FOR IMMEDIATE RELEASE
FRIDAY, JUNE 3, 2011
NCDA&CS Gypsy Moth Program Manager
(919) 733-6931, ext. 247 or (800) 206-9333
NCDA&CS to treat gypsy moth infestations in Caswell,
Granville and Rockingham counties
RALEIGH -- The N.C. Department of Agriculture and Consumer Services will soon treat four localized gypsy moth infestations in Caswell, Granville and Rockingham counties in cooperation with the U.S. Forest Service and the Gypsy Moth Slow the Spread Foundation Inc. The treatments are anticipated to take place between June 9 and 15, depending on weather conditions and insect development.
Last summer and fall, field monitoring activities at these four locations showed that a reproducing population of the highly destructive gypsy moth exists and represents a threat to local deciduous forests at the following locations:
- Two blocks consisting of 3,843 acres in Caswell County located three miles north of Yanceyville, and 9,111 acres three miles south of Semora.
- One 1,198-acre block in Granville County located near the Jonathan Crossroads community. Grassy Creek Virgilina and Cornwall roads run through the southern and eastern portions of the block.
- One 1,251-acre block in Rockingham County located at the intersection of Mayfield and Guerrant Springs roads, just north of U.S. 29, in the northeastern portion of the county.
Mating disruption was determined to be the best option for these treatment blocks. Prior to the time that adult gypsy moths would normally mate, low-altitude fixed-wing aircraft will apply miniature plastic flakes infused with the naturally occurring gypsy moth pheromone.
Upon application, the gypsy moth pheromone saturates the treatment block so that male gypsy moths are not able to follow the natural pheromone scent trails released by female gypsy moths. This decreases mating success and reduces the gypsy moth population. The pheromone is not harmful to humans, animals or plants, and it will not affect other insect species.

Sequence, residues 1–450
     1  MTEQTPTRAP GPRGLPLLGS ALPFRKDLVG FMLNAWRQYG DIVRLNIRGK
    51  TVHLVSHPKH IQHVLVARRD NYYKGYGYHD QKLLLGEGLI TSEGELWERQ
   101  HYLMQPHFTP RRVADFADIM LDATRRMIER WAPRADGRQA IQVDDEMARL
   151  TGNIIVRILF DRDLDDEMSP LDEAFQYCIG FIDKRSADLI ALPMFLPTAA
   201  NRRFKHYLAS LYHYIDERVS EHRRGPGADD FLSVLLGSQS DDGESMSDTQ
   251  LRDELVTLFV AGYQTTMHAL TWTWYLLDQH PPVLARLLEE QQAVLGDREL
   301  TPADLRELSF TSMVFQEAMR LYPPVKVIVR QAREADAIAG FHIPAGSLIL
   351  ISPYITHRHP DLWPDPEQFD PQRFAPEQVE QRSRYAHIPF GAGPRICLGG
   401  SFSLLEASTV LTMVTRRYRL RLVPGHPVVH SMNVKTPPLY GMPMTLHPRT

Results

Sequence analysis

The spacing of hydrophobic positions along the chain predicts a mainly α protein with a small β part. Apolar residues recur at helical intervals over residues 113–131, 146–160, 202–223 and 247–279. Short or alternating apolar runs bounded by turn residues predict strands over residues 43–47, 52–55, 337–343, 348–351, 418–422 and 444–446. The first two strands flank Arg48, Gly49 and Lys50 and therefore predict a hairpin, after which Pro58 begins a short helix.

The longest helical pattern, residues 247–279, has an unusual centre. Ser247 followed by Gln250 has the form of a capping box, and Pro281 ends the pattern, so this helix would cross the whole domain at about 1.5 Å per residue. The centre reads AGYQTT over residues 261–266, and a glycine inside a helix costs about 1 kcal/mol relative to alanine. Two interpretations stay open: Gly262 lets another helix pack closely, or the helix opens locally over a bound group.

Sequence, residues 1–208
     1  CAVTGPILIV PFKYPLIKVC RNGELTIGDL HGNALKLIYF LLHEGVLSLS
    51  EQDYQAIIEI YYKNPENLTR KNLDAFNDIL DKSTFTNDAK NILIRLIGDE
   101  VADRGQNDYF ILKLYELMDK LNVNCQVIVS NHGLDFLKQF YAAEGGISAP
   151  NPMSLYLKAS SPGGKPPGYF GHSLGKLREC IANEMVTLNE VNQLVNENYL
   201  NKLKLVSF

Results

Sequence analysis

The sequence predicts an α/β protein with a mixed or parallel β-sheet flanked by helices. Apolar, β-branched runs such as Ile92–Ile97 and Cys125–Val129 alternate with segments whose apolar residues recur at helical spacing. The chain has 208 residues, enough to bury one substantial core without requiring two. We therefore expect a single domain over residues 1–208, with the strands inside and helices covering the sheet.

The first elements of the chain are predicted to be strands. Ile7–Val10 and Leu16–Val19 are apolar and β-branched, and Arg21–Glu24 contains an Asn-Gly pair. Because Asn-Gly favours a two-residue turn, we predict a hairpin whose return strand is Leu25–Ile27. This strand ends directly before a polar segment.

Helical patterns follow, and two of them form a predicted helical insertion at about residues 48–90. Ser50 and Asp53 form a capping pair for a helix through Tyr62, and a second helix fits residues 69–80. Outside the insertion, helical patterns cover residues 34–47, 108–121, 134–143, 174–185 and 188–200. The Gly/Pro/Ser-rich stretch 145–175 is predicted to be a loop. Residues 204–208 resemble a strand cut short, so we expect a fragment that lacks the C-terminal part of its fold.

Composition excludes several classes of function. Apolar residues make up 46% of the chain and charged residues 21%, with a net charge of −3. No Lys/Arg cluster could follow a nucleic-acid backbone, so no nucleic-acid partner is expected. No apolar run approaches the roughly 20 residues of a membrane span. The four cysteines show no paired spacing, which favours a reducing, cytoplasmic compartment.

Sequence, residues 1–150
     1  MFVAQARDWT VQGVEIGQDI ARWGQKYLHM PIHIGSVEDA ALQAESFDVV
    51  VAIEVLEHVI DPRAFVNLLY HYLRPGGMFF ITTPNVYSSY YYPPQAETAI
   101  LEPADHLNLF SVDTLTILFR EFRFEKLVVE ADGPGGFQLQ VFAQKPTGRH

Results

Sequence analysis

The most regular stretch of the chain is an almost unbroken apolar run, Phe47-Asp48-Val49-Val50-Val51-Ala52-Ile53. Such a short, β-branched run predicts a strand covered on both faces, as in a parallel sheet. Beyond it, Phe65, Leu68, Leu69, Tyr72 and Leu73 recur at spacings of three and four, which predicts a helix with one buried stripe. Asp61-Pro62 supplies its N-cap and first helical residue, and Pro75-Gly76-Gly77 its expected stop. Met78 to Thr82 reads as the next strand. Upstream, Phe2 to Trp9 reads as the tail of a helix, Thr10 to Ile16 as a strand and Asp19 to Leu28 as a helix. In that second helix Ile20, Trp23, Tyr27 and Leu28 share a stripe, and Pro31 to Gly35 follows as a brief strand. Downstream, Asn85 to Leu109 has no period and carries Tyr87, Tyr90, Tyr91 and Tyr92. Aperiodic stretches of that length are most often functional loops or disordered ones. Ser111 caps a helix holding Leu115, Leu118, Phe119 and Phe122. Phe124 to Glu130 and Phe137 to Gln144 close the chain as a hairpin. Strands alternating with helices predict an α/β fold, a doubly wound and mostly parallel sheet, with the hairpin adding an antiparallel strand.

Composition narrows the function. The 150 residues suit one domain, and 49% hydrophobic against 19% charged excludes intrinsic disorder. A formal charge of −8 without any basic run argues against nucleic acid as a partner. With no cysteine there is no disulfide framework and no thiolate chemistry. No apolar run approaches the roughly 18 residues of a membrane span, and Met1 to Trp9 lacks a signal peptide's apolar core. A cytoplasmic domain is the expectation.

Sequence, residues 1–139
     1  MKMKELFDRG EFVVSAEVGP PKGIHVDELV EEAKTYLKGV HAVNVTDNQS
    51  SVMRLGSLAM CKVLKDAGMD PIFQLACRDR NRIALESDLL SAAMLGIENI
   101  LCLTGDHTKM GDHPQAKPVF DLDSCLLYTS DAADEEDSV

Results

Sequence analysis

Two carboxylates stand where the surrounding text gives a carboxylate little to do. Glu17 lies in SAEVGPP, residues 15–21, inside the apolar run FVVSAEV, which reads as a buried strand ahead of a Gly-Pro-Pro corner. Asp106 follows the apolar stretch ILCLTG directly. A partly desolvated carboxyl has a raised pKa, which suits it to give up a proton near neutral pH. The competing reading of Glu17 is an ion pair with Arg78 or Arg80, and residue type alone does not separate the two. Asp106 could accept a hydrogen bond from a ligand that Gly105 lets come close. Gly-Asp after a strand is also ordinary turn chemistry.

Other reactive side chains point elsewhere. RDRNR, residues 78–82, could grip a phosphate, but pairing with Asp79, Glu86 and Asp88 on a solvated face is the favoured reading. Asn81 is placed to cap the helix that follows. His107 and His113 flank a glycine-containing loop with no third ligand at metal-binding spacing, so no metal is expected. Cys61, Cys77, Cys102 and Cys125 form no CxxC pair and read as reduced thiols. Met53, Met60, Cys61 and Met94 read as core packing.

Gypsy moths feed on the leaves of more than 300 different species of trees and shrubs, predominantly hardwoods. When areas become heavily infested, trees may be completely stripped of foliage, leaving yard trees and entire forests more susceptible to attacks from other pests. Severe infestations often lead to tree death, especially of the more favored host species such as oaks.
Gypsy moth caterpillars can also pose health concerns for people with respiratory problems. The caterpillar hairs and droppings may cause severe allergic reactions in areas with a high density of gypsy moths.
NCDA&CS has addressed spot introductions of the gypsy moth across North Carolina since the 1970s. The department is working with 10 other states through the Gypsy Moth Slow the Spread Foundation Inc., and with other state and federal agencies to reduce the spread of the gypsy moth into uninfected N.C. areas.
Public hearings were held prior to the scheduled aerial treatment to receive input from landowners in, and near the treatment block.
For more information, including maps and a description of the proposed treatment areas, go to http://www.ncagr.com/gypsymoth/ or contact NCDA&CS toll free at (800) 206-9333.